With the Winter Olympics coming to its climax, there are many athletes who had the dream of making the top step in their chosen sports but didn’t quite make it. It is very easy for people in their position to feel like they have achieved nothing, despite all the hard work they have put in. Perspective is helpful.
The truth is, if you are one of those athletes, you have achieved a level that is beyond the comprehension of most human beings. You have measured yourself against the best of the best. It is crucial for you to take some time to get perspective on that.
Your exit from the team may have come through injury or illness. It may have come through de-selection (justly or unjustly), or maybe it was a self-recognition that you weren’t quite up to the standard. Regardless, the sport you love may be difficult for you to watch or hear about.
The content on this site is here to help you process your experience and to get perspective on what you have achieved. We hope it helps you look forward with peace and positivity regardless of whether you are retiring or aiming to go again.
In the first instance, read the points below and see if any of them resonate with you. Remember that you have time.
- Have the conversations you need to have with your coach, management and team mates.
- Ask the questions that are on your mind and process the answers in your own time.
- Recognise you are moving through a process of loss/grief and feeling good again comes over time. It may take a while so try to be patient.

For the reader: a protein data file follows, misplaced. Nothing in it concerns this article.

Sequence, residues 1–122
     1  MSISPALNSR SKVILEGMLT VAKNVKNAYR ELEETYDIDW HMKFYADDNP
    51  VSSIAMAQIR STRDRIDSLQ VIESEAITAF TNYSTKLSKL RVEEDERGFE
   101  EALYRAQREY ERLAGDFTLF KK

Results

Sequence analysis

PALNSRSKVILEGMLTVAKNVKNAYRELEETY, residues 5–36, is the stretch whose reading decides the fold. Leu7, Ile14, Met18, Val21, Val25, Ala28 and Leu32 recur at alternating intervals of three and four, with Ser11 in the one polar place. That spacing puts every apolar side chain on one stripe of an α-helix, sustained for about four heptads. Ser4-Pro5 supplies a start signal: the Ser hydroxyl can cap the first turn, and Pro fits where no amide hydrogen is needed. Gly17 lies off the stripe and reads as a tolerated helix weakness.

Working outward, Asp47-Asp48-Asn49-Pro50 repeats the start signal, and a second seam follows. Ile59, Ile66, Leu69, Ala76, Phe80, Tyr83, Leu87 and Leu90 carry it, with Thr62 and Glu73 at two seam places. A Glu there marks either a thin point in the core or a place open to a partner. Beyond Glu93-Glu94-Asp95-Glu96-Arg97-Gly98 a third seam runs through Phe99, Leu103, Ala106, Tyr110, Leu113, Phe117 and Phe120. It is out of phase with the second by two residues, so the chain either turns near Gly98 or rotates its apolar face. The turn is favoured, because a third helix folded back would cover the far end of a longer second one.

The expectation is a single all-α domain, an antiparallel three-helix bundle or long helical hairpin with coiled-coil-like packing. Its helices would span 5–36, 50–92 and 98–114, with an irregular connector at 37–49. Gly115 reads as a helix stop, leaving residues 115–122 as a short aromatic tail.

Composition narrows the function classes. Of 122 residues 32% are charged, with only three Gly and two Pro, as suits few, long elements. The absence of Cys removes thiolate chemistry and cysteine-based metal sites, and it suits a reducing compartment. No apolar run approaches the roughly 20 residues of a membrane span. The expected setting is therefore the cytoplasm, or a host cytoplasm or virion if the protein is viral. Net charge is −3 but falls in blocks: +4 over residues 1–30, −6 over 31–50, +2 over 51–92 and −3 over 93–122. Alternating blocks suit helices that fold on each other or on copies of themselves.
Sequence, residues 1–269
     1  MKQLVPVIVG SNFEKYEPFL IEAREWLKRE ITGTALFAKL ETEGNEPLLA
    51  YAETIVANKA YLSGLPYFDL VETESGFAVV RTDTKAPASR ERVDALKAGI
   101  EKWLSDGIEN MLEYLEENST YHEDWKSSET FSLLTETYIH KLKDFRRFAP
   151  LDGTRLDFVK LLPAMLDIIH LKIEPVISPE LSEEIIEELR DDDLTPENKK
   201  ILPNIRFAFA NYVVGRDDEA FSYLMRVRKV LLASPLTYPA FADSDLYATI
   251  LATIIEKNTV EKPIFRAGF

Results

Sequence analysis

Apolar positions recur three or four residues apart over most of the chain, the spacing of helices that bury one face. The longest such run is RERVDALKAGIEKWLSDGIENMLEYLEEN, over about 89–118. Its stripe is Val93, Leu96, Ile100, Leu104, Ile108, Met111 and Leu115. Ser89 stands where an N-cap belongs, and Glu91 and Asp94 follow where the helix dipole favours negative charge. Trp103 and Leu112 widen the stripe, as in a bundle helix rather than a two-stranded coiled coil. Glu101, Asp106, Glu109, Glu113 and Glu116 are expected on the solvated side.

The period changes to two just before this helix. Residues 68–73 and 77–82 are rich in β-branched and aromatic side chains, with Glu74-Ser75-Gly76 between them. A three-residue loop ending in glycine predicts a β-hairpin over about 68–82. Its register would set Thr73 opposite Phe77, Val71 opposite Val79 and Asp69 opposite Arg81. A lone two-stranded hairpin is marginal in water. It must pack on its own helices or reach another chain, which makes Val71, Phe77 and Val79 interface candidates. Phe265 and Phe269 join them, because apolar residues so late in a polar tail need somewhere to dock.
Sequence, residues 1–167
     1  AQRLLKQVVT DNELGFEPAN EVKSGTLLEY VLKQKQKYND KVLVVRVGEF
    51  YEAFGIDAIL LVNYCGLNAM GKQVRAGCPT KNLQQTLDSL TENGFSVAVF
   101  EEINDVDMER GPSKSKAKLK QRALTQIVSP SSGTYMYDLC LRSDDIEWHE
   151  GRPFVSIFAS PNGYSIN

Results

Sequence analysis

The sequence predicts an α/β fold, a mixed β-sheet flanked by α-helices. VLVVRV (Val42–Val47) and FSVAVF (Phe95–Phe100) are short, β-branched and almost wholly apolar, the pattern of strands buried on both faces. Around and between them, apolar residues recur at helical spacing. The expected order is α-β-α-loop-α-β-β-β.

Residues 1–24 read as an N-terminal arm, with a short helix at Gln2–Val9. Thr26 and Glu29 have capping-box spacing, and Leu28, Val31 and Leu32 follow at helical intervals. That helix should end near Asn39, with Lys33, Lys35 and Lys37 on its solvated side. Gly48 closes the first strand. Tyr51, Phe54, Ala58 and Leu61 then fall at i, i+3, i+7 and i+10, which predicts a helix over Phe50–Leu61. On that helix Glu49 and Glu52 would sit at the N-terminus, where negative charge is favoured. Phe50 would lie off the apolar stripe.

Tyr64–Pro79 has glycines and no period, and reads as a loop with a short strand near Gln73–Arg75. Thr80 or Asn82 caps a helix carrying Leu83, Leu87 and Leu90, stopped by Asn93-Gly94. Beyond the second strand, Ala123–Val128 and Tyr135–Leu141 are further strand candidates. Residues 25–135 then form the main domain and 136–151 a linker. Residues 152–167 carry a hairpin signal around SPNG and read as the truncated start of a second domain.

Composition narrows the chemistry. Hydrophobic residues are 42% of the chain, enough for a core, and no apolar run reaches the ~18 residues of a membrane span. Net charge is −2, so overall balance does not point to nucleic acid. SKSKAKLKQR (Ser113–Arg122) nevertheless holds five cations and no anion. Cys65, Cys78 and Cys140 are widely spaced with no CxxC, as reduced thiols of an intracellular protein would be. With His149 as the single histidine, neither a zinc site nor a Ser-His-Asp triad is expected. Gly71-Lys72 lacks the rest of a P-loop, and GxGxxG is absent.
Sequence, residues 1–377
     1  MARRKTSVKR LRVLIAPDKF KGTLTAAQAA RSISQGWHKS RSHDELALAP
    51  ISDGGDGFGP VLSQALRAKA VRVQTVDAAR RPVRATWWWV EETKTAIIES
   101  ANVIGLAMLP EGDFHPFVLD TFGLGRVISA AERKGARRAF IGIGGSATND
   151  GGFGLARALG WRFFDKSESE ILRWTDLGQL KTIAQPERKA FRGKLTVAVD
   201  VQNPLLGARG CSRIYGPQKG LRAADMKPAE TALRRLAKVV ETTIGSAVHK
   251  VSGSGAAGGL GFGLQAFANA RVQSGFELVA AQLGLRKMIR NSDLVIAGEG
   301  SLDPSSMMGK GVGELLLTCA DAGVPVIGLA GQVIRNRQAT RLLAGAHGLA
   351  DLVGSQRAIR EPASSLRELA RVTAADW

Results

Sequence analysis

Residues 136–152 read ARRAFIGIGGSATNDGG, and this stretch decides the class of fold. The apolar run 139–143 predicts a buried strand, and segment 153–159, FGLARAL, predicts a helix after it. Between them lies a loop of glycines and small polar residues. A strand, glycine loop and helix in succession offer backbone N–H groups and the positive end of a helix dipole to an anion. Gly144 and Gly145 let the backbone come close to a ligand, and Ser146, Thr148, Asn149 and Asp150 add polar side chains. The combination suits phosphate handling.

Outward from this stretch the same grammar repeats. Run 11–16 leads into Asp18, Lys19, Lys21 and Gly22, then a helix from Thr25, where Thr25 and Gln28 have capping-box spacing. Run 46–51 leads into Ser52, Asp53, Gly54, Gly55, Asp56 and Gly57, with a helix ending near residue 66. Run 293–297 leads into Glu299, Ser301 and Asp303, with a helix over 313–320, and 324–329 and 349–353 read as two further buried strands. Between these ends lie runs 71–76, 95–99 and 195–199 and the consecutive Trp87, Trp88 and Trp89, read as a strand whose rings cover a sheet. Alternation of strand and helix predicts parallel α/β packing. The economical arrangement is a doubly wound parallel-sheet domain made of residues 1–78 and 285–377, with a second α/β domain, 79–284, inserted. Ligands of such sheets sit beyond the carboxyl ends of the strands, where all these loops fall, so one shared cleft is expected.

- Seek professional help from someone who understands your world (a psychologist who is an ex-athlete is a perfect mix). Preferably someone from outside the high performance network you have just been part of.
- Try not to let anger fuel your motivation to return to training and competition. Anger as fuel can only get you so far before it burns out.
- If you are injured, concentrate on getting back to being a functioning human being first and then think about your next athletic challenge.
- Enjoy the time you have with your loved ones and include them in the experience you are having.
- Have a strategy for the rest of the competition. Avoidance is a common action (getting away from TV’s, Radios, Internet etc) but you might be surprised at how watching your team mates excel might fill you with pride that you pushed them to that level to compete there. It might spur you on to nail it the next time. Be open to it.
- Over time, evaluate your performance and selection. Examine what you would do differently if you had the time again. If there is nothing you would or could do differently then points 1 and 2 are very important to consider.
- Keep exercising. You are programmed to move and exercise helps keep you calm and balanced. Try some different forms of exercise. Try new sport where you can have fun learning a new skill. Exercise helps the way you feel.
- You are not the first and won’t be the last to experience this. It is normal to feel disenchanted. Allow yourself that feeling.